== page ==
Tuesday, October 9, 2012

Mastering the Mix

A few years ago, I was describing my then team to a potential customer/business partner. I took pains to highlight that the team consisted of veterans in ID and graphics design and as a result, we avoided the common pitfalls and gained on productivity. To me, this differentiated our company from other larger competitors in India. The customer/partner didn't look impressed at all and remarked that his company only hired fresh talent because they were so much more creative. Honestly, for a moment I felt dowdy.

The business partnership never took off, but his remark stayed with me for a long time. Over the years, I figured out something about e-learning development teams- for a team to flourish, you need a bit of this and a bit of that.

You need the experienced folks because you don't want to reinvent the wheel each time. If developing training for, say, a software application, there are only so many ways to do it effectively. If a person who has never done it before creates it, the output is wasteful and never as good as it should be, however creative that person may be. That single person's creativity across one project just can't compete with ideas implemented and fine-tuned over years by thousands of people. I have seen this first hand 10 years ago and then again recently.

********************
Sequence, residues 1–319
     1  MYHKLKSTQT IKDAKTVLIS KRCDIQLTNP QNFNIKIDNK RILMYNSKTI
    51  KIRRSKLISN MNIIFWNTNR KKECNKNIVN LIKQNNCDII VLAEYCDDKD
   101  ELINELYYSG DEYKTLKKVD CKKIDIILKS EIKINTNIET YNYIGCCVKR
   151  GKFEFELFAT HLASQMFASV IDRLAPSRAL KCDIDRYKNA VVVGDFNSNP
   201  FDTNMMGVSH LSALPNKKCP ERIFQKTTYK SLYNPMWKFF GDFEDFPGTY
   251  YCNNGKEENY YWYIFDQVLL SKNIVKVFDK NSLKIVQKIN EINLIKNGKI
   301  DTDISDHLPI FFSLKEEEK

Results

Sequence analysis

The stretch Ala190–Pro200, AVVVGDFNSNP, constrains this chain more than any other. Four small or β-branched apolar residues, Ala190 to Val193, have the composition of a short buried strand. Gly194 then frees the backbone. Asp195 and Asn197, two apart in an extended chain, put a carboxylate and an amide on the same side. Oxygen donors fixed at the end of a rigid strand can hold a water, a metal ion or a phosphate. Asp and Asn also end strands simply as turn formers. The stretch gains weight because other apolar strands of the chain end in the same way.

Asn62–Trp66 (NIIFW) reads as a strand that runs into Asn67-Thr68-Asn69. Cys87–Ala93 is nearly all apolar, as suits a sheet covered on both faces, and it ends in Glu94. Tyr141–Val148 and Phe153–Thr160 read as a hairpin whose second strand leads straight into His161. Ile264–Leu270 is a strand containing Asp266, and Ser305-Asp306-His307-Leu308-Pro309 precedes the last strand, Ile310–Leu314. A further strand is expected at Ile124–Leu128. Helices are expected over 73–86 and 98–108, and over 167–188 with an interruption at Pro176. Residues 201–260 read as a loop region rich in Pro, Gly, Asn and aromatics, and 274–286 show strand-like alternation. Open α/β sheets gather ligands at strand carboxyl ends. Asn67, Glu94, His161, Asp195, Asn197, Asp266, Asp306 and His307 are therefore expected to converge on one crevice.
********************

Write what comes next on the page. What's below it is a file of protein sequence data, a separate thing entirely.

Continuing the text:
Experienced people usually have a repository of tools and templates to fall back on. But there's a problem even here. They are quick to jump to conclusions and solutions, without looking at a particular situation deeply. For this reason, you also need rookies who are not yet molded into a set style. Rookies, who lack these tools, struggle a lot more, but are more likely to experiment and try out new ideas. They see things with a fresh pair of eyes. The end result is likewise refreshing. I have experienced this first hand too a few times, most recently when I worked with a creative young designer on a module teaching voice commands to cadets.

Sounds simplistic and obvious no? On paper yes, but in reality, the challenge in building and sustaining such a mixed team is in the dynamics of the team on the ground. Are they able to work together, contributing the best they have, or are they busy putting each other down? Are rookies learning from the past experiences where needed or repeating the mistakes arrogantly? Are the experienced folks allowing the rookies to experiment and valuing their new insights? Or are they busy trying to mold them into the  familiar?

It is precisely because it is so hard to make such a team work effectively that organizations tend to be of one or the other type. But when you master the mix, magic is possible.

(Image from: http://www.vectorfree.com/paint-explosion)

No comments:

Post a Comment